How you can begin a brand new hashish product the CPG approach

There is no question that steam sticks hold a firm position as the premier cannabis delivery product, especially with younger consumers, particularly in California. Vape pens make up almost a quarter of all cannabis sales in the state. The spectacular growth began in 2018 and has continued on a bold course over the past year. This is likely to remain the case for the foreseeable future. But that doesn’t mean that the market is saturated; far from it. Vapes are good business, and the classic techniques for selling well make the difference between those who take a modest piece of cake and those who take three times the size of serving.

Let’s take a look at a current version of the product The parent company ((Jay-ZPet project): Fun Uncle Cruisers. As we shall see, they take two key elements out of the consumer goods game book.

Fun uncle cruiser are the company’s first offering of full-gram vape cartridges, available in five popular flavors at an MSRP of $ 25. Yes, you read that right and we are going to discuss the implications in a moment. Cruisers are clearly geared towards the recent legal consumer market, and this impulsive, less predictable sector requires creative thinking.

Here are some observations on how the parent company positions the product as a disruptor.


The first directive in the CPG playbook reads: “Build relationships with mass retailers who provide beneficial access for consumers.” The parent company has a distinct advantage over the competition: TPC is a holding company made up of a number of merged industry leaders.

The company sells the product exclusively through its Caliva division, a dominant cannabis operator in a state in California. Caliva already has a faithful walkable flow of traffic and also takes online orders for pickup and delivery. It also supplies retailers and claims to serve roughly half of California’s population overall. That’s a massive, measurable benefit in such a large and fragmented market, and it’s not a bad way to get your product out there.


“Design operating models for consistent execution and cost reduction.” The dynamics are circular. There has to be a closely guarded secret here, but cost cuts apparently allow The Parent Company to bring their MSRP down to $ 25 (about $ 12.50 wholesale), and the resulting volume allows the company to hold on to the rock bottom price. With the industry’s best-selling vape pens priced between $ 40 and $ 55, cruisers are seen as an “opportunity” for younger consumers willing to vape but with less disposable income and happily almost half of what they expected Pay a price to satisfy their curiosity.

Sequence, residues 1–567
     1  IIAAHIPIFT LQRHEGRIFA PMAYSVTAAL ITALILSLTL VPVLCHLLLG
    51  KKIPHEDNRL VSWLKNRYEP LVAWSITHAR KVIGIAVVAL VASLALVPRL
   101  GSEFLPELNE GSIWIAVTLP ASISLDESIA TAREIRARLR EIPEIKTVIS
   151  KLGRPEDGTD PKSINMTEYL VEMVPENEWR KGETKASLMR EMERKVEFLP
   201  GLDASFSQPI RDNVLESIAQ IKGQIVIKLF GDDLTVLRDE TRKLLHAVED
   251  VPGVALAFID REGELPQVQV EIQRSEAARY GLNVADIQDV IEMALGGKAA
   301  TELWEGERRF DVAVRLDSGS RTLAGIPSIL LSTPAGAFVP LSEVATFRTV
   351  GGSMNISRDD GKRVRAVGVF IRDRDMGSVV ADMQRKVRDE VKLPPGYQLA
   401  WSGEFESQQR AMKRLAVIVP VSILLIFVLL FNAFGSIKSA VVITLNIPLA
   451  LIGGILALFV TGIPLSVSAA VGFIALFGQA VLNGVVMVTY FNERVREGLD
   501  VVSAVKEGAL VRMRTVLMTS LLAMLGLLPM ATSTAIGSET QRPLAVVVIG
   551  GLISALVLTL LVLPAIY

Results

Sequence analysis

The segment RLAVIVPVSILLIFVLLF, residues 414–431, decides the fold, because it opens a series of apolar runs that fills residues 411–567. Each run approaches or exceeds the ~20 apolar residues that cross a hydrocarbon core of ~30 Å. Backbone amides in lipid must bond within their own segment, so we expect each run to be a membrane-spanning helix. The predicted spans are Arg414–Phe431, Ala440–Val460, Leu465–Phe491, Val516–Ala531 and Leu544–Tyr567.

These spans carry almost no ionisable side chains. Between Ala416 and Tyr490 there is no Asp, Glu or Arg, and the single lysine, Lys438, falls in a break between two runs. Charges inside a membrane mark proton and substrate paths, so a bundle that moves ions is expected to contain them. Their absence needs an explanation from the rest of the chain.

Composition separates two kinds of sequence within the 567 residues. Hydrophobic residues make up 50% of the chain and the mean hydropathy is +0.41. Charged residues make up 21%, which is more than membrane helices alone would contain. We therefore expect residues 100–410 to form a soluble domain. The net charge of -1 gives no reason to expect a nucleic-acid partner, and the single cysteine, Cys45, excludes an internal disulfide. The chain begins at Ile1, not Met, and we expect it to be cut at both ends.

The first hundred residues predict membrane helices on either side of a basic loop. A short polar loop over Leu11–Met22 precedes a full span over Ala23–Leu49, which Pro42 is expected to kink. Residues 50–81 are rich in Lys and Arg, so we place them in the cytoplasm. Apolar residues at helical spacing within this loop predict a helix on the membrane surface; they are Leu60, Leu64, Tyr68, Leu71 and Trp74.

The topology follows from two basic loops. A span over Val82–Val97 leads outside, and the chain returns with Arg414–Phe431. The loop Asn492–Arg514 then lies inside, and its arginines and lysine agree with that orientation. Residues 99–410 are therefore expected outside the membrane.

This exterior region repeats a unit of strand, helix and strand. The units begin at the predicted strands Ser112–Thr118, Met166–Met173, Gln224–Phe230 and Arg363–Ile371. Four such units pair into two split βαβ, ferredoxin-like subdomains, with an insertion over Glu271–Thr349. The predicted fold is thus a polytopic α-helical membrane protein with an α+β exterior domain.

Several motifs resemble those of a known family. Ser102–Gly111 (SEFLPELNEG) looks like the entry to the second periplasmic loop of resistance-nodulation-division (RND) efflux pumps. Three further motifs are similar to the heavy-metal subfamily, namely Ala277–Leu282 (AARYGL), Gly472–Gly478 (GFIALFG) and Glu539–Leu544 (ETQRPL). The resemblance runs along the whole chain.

Nevertheless, cruisers do not present themselves as low-end or newbie products. The distillation team sources flowers from more than 500 growers, and the dose is a full gram. While some competitors offer low-cost products, they usually come with a correspondingly miniaturized or lower dose of cannabis.

That is not the case here. According to a company announcement, the cans use “a full-spectrum distillate that tests over 80 percent THC, making it an exceptional value for quality and taste.” Yes, the possibility of “same value, lower price” sounds too good to be to be true. Therefore, look for reviews to confirm or refute the quality claims. But vape pen prices have come down in recent years, and this move promises to bring that number down even further.


The product design dates back to the retro 1970s and is reminiscent of the beginnings of weed culture. It includes popular varieties like Berry ice cream, Strawberry cough, Lemon Jackand the well-known SFV OG and GG4. These are specific to TPC’s pens that match what its competitors have to offer, but not match the company’s dominant flower and pre-roll offerings. One can only assume that TPC is trying to customize the pens, though that tactic costs them the lost cross-selling opportunities when it comes to those looking for the familiar.

Where are these new products not a leap forward? Innovation. As a classic distillate product with the standard 510 thread cartridge, there is nothing that could get the imaginative hardware or type of basic experience going. For $ 25, most consumers won’t complain loudly, but it’s certainly a missed opportunity to buzz past the low price.

Will other brands start competing for price to hit this low-end range, and possibly increase volume enough to maintain profit levels for both manufacturers and retailers? In other words, is this pricing model an industry-wide disruption as opposed to just the bottom line of TPC? And if the company is suddenly competing for low prices for a product that is inappropriately classified as “Premium”, do cruisers have to innovate or expand the product line to maintain their lead?

I’m pretty confident the parent company will find out. Like a real fun uncle, it will be fascinating to watch.

Cy Scott is co-founder and managing director of Headset Inc.Convert retail data into real-time insights into the cannabis market. In his weekly blog he offers industry analysis and insights into innovative brands. Cannabis packaged goods. Prior to founding Headset, Scott was a co-founder Leafly and helped make the website the world’s leading source of information on cannabis. Along with his work at Headset, Scott started a monthly cannabis tech meeting attended by cannabis entrepreneurs and technology developers that has expanded to several regions in the United States. His favorite variety is Tangie.

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